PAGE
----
Partner Ragnhild Barkman

Queer Places:
Observatorielunden, Drottninggatan 120A, 113 60 Stockholm, Sweden

Sigrid Fridman.jpgSigrid Fridman (23 November 1879-8 January 1963) was a Swedish sculptor most known for her works of women and the Centaur sculpture which is located in the park known as Observatorielunden in Stockholm. She has numerous sculptures located in public parks throughout the country.

Sigrid Carolina Sofia Fridman was born on 23 November 1879 in the Haparanda Municipality of Norrbotten County, Sweden to Mathilda Kristina (née Bruhn) and Karl Gustaf Fridman. She attended Arvedson's Gymnastics Institute, in Stockholm,[1] a school designed in 1902 to teach women the skills of physiotherapy.[2]

Moving to London after her graduation, Fridman began working as a physical therapist.[1] As a hobby, she began studying sculpting in a private studio around 1911.[3][4] In 1912, she moved to Paris to focus on her art and enrolled at the Académie de la Grande Chaumière, under the tutelage of Antoine Bourdelle. After studying in Paris for four years, in 1916, she exhibited in the London Spring Exhibition of the Grosvenor Gallery.[4] From around 1914, Fridman was involved in a relationship with the artist Ragnhild Barkman.[5][6]

Fridman returned to Sweden and settled in Gothenburg, producing a series of decorative works. She was commissioned by the Swedish seafaring company Atlantica in 1921 to create two statues for their new building. She produced Sea Horse (Swedish: Havshästen) and Walrus (Swedish: Valrossen), both in black granite. In the same period, she sculpted another piece of black granite known as Penguin's Well (Swedish: Pingvinbrunnen), which is now located on the grounds of the Swedish Museum of Natural History. Other known pieces from her Göteborg period include Fauns (Swedish: Faunerna), Skipping youth (Swedish: Hukande yngling) and a bust of Torgny Segerstedt.[1]

Around 1924, Fridman and Barkman moved to Stockholm and became friends with another lesbian couple, Klara Johanson and Ellen Kleman.[5][6] They spent time together until Johanson's death in 1948, often taking summer trips together to Rättvik and Masesgården.[7] On one study trip to Greece, Fridman and Johanson became romantically involved, though neither left their long-term partners.[6] In 1927, Fridman created a sculpture of Fredrika Bremer,[8] which caused controversy about whether a woman should be engaged as a serious sculptor. This debate continued, with many male colleagues taking the position that women should only sculpt children's portraits or small pieces that depicted femininity, when in 1928, Fridman proposed her Centaur statue.[3]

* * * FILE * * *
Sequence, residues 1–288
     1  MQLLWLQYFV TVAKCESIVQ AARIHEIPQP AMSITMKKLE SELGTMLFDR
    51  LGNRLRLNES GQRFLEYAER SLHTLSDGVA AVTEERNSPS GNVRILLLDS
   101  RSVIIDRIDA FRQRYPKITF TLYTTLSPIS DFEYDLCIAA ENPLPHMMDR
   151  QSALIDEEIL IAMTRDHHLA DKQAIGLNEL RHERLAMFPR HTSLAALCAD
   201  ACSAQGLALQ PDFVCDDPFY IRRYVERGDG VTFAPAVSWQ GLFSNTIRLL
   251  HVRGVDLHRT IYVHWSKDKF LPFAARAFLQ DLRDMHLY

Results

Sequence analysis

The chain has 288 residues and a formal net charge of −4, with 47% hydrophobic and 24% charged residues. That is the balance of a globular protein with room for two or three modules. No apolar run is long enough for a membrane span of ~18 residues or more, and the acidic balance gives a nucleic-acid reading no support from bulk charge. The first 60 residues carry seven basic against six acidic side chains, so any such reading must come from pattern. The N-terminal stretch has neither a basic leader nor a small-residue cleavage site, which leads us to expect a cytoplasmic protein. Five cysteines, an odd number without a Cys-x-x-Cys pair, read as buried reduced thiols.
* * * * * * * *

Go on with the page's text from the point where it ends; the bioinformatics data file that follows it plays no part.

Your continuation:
Fridman's work Centaur became her most noted piece. Completed in 1939, angry controversy surrounded it as well, with many complaining that the figure was not culturally sensitive as centaurs were not part of the national folklore.[3] The statue, in bronze is unadorned and reflects the power of the creature in its strong composition.[1] Though initially Fridman intended the sculpture to be displayed at the beginning of Library Street, it was installed on the hill near the observatory in Observatorielunden in Stockholm. In 1948, Johanson published a book in defense of Fridman and other women artists, Sigrid Fridman—och andra konstnärer: en krigskrönika (Sigrid Fridman—and other artists: a war chronicle).[3]

Fridman's statue of Ellen Key (1953) was also the subject of fierce debate, and as the artist aged, she became more introverted, though she continued to work. Various pieces of her sculpture are scattered throughout the country in public spaces, such as variant centaurs in Örebro and Bollnäs, a figure of Pan with pipes in Härlanda and a fountain in the garden of Villa Muramaris near Visby in Gotland. Her last work, Det droppande trädet (The Dripping Tree) is located in Odengatan near the City Library and was installed the year after her death.[3]

Fridman died 8 January 1963 in Stockholm County, Sweden.[1]

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